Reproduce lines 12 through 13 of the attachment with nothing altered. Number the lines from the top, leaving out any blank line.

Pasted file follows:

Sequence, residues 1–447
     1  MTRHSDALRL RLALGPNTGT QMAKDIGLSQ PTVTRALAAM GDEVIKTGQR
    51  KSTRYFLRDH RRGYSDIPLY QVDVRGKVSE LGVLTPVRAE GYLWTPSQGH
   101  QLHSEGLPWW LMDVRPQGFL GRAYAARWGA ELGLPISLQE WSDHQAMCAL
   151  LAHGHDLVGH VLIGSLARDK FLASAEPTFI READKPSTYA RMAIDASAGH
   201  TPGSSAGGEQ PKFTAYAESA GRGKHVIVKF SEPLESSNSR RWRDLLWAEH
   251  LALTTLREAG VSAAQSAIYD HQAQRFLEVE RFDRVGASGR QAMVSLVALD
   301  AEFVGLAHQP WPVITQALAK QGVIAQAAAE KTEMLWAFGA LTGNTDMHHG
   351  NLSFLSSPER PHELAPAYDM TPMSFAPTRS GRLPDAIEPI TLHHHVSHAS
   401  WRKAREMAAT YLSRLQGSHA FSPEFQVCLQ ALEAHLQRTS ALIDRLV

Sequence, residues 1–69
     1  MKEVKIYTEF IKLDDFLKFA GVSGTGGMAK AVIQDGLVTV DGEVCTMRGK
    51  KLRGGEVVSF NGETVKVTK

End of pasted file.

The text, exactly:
     1  MKEVKIYTEF IKLDDFLKFA GVSGTGGMAK AVIQDGLVTV DGEVCTMRGK
    51  KLRGGEVVSF NGETVKVTK